In Maine, black ice is a notorious risk once winter begins and temperatures drop below freezing. What makes it especially dangerous is its deceptive appearance. As you approach, it looks like a wet or recently paved stretch of road, so you don’t even realize that you’ve hit a thin layer of ice until it’s too late and you’re sliding off the road or into another motorist. For this reason, Occupational Safety and Health Administration officials call it one of the deadliest of all winter driving hazards.
Black ice has been a factor in several recent crashes on state roads and highways. On a single chaotic morning in November, the Somerset County Communications Center in Skowhegan reported 85 incidents of cars colliding with other vehicles or sliding off the road due to the formation of black ice on Interstate 95. The Messalonskee Bridge was even closed temporarily after four accidents occurred one after the other.
More recently, on December 12 black ice on the 295 turned everyone’s afternoon commute into a chaotic mess. An AAA representative confirmed that calls for roadside assistance were practically non-stop from noon onwards, with an average of 100 calls every half-hour.
Travelling the Roads in Maine This Winter Season
If you’re planning on traveling to see friends and family this holiday season, you’ll have a lot of company on the road. AAA once estimated that during the Christmas and New Year’s season, nearly 95 million people drove long distances to visit loved ones. When black ice is added to the equation, you have a potentially dangerous situation.
Even when road conditions are hazardous, motorists still have a duty of care to use reasonable caution while driving. This includes:
- Constant vigilance when weather is conducive to black ice formation
- Avoiding distractions like smartphones
- Maintaining a safe distance from any vehicles ahead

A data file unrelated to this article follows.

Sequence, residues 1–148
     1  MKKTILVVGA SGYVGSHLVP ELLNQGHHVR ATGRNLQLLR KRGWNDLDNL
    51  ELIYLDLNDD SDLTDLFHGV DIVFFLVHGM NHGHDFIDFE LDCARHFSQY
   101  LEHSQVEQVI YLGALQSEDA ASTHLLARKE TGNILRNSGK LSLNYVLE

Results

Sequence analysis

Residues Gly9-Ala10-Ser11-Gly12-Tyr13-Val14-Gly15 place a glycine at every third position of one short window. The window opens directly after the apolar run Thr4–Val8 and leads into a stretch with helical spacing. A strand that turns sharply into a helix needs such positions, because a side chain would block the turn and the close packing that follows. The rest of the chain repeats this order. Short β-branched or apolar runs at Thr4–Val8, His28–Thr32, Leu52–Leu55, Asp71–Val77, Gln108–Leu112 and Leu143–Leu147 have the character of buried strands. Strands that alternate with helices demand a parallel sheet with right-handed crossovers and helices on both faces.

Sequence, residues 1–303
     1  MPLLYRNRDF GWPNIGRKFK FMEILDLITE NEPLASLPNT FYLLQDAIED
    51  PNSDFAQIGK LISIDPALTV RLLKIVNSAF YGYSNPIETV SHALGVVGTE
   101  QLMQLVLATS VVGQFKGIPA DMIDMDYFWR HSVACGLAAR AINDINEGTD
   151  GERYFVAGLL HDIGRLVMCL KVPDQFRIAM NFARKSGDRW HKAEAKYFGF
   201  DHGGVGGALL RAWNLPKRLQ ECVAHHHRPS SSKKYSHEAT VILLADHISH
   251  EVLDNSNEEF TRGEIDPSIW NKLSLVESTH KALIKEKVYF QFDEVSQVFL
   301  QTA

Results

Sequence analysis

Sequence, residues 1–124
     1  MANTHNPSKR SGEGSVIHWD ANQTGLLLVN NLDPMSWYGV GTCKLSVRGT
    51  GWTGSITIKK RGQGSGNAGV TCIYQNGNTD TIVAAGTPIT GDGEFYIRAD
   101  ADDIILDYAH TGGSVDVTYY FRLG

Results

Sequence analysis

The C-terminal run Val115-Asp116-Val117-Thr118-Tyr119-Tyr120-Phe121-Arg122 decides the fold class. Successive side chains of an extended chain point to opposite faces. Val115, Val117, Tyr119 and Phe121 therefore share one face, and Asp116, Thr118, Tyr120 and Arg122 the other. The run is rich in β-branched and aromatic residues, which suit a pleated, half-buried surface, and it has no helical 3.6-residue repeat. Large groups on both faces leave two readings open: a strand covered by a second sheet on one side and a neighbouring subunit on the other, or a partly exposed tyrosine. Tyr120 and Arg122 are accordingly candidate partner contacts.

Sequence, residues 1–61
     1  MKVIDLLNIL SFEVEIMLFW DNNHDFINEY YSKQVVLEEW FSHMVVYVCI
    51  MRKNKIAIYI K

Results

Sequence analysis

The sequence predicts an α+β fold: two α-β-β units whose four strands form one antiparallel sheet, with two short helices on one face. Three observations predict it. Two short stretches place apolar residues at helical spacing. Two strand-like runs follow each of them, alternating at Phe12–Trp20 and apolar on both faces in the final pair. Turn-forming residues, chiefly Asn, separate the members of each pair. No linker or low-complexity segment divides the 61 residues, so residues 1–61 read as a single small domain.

If you’re driving in areas where a black ice warning is in effect, be on the lookout for stretches of road where the pavement looks wet or especially dark, and be particularly careful in areas that are shaded from the sun, such as bridge underpasses or streets in the shadow of tall buildings.
Driving Tips for Safe Travel in Maine
If you plan to travel this holiday season, we encourage you to use these tips to help ensure a safe trip.
- Wear seat belts at all times. Make sure that all young children are secured in the appropriate car seat or restraint system. Doing so can reduce the risk of serious injury and death in a collision by half.
- Drive more slowly on slippery roads. If the vehicle in front of you appears to be driving on wet asphalt but is not spraying water or leaving tracks, black ice is likely ahead.
- Be especially careful when driving into shaded areas, as black ice forms more quickly on surfaces protected from the sun.
- Don’t tailgate. Maintain a following distance of at least 10 seconds. This can help prevent a collision if your car starts to slide on a slippery surface.
- Winter driving requires you to be in complete control of your vehicle, so do not use cruise control. You need to be able to react quickly if a patch of black ice suddenly appears.
- Maintain a smooth and precise driving pace. If you change lanes too quickly or steer erratically while accelerating or braking, skidding can occur and cause you to lose control of the car.
- Be especially careful when approaching intersections known to be an accident risk. In Lewiston, for example, East Avenue at Sabattus Street and Lisbon Street at South Avenue have statistically been more dangerous for motorists.
What’s the Bottom Line?
If you are injured in a black ice accident in Lewiston or the surrounding areas, contact Fales & Fales, P.A. In many instances, winter weather car accidents are attributable to driver negligence or error. Although road conditions may be a factor, investigation often reveals that a driver was speeding, failed to yield the right of way, or was following too closely.
As a result, you may be entitled to receive compensation for vehicle damage, medical costs, lost income, and other economic and noneconomic losses. To schedule a confidential consultation, call 1-888-526-9408 today.